Areas of flower-rich meadows and other non-forest habitats, crucial for the survival of butterfly species of Community importance, still exist in three mountain ranges: the White Carpathian (Bílé/Biele Karpaty) mountains in the Czech Republic and Slovakia, the Lower Carpathians (Malé Karpaty) in Slovakia, and the Pova?ský Inovec mountains in Slovakia.
The project area, which is the largest area of species-rich meadows in Central Europe, hosts very rich fauna and provides important refuges for rare and endangered invertebrate species (especially insects and arachnids). Most of the land targeted in the Moravian (Czech) part of the project area is privately owned and used by large agricultural holdings. However, some of it is managed by conservation associations and land trusts and some consists of small family farms. Parts are also unmanaged and subject to successional processes. On the Slovak side, most of the target area has unsettled ownership and is currently unmanaged. The targeted butterfly species often occur in areas encroached by shrubs and tall grasses, but the survival of viable populations depends on appropriate grassland and landscape management.
The ?Butterflies CZ-SK? LIFE project aimed to introduce, test and promote patchwork management, which is considered essential for the conservation of rare or threatened butterfly species. It would work to actively protect non-forest habitats and (butterfly) species of Community and national importance by applying suitable management practices, and by maintaining and restoring the species and habitats to a favourable conservation status. This in turn, would contribute to halting the loss of biodiversity and strengthening of the Natura 2000 network in the project area.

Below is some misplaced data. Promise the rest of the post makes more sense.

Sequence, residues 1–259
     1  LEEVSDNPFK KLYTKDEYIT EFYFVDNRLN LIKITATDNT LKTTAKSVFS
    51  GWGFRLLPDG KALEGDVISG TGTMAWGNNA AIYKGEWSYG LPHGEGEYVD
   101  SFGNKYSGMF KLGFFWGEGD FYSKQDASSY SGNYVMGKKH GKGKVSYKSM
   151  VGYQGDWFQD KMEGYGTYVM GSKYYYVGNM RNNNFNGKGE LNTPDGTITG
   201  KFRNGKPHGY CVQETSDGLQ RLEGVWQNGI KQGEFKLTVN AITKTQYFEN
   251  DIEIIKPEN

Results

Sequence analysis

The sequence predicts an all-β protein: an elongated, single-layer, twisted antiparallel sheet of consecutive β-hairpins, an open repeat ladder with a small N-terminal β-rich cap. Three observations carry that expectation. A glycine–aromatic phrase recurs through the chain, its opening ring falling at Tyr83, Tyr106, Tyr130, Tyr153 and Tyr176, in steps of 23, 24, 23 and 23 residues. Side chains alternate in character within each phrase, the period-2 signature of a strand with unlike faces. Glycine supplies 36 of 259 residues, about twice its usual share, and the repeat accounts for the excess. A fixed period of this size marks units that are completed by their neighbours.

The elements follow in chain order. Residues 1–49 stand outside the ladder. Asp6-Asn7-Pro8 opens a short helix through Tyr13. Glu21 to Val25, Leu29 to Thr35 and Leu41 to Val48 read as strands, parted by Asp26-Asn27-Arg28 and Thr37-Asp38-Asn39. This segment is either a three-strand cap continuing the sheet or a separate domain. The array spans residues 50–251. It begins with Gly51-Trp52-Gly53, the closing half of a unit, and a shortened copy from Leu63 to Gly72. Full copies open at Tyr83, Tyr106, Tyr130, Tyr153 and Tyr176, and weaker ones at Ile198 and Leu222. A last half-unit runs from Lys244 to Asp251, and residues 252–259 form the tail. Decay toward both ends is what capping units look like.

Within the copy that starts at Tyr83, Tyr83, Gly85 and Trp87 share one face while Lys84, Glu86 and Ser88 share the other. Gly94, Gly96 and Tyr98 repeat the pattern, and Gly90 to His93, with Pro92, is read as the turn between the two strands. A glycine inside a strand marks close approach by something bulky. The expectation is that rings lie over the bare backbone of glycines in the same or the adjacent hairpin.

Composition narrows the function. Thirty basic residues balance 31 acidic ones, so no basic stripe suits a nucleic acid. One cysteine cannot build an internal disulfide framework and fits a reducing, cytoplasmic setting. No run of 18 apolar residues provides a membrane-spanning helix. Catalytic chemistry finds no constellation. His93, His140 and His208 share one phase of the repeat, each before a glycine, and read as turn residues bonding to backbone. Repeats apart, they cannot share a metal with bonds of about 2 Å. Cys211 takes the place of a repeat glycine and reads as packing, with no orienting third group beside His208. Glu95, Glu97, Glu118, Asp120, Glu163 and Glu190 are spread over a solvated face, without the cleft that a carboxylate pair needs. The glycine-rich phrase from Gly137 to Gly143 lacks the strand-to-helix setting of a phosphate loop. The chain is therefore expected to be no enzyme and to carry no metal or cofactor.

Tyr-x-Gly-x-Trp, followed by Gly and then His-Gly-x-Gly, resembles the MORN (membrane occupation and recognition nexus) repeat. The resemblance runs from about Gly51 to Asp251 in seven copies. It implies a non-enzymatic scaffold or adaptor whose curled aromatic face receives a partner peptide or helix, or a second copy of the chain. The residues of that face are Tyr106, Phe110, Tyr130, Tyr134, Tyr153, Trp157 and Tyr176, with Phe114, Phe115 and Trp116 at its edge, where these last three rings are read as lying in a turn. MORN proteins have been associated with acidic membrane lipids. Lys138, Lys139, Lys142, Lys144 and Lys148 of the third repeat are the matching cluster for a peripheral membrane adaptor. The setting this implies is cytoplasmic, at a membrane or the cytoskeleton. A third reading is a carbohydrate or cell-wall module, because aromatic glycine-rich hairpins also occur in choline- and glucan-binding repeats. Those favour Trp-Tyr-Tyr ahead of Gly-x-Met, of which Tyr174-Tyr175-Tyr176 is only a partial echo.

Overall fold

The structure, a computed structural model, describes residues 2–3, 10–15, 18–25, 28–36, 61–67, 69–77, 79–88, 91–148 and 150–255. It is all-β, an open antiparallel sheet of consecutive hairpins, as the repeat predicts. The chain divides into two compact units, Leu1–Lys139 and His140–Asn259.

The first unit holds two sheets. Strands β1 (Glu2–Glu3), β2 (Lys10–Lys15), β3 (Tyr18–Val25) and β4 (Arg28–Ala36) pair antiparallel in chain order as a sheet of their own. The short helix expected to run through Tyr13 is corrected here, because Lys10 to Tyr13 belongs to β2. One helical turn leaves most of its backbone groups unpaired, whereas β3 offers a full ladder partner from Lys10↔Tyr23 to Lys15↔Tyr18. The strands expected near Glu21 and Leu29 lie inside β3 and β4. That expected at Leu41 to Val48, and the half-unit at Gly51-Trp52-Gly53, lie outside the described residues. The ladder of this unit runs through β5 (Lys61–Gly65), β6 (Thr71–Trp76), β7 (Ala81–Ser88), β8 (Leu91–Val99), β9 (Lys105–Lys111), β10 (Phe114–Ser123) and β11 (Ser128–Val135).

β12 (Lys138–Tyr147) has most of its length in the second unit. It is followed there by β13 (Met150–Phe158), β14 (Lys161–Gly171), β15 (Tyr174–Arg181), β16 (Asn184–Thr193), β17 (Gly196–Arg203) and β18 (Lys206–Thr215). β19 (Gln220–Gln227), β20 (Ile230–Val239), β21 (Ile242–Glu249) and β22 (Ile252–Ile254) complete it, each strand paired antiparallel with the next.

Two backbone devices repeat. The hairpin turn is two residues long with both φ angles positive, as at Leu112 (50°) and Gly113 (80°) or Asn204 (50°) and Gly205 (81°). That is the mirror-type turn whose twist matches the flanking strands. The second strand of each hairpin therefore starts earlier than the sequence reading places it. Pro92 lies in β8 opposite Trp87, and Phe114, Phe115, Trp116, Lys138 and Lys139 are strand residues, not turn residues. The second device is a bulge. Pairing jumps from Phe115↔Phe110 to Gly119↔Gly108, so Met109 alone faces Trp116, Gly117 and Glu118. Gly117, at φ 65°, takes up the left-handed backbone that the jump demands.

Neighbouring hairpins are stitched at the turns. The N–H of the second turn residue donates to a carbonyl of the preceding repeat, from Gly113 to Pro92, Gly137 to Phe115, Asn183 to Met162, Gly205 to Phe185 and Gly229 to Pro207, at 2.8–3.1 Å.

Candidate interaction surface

The project would also propose and test new agri-environmental measures to enable the inclusion of excluded areas under the agricultural subsidy scheme (c. 900 ha affected). Ten threatened butterfly species of the Habitats Directive would be targeted [e.g. the Annex II-listed Danube clouded yellow (Colias myrmidone), and Annex IV-listed large blue butterfly (Maculinea arion)] and 15 habitat types of Community importance [e.g. ?lowland hay meadows (Alopecurus pratensis, Sanguisorba officinalis)?, ?petrifying springs with tufa formation (Cratoneurion)?, and ?semi-natural dry grasslands and scrubland facies on calcareous substrates (Festuco-Brometalia)?] , the latter also providing important orchid sites. Special conservation measures would be carried out on these butterfly species and their meta-populations. Actions would also be carried out to raise awareness about the conservation value of non-forest habitats and their biodiversity.
The Butterflies CZ-SK project achieved its main objective, i.e. the active protection of non-forest habitats and (butterfly) species of Community and national importance ? applying suitable management practices, and maintaining and restoring these species and habitats to a favourable conservation status. This in turn, contributed to halting of the loss of biodiversity and to strengthening the Natura 2000 network.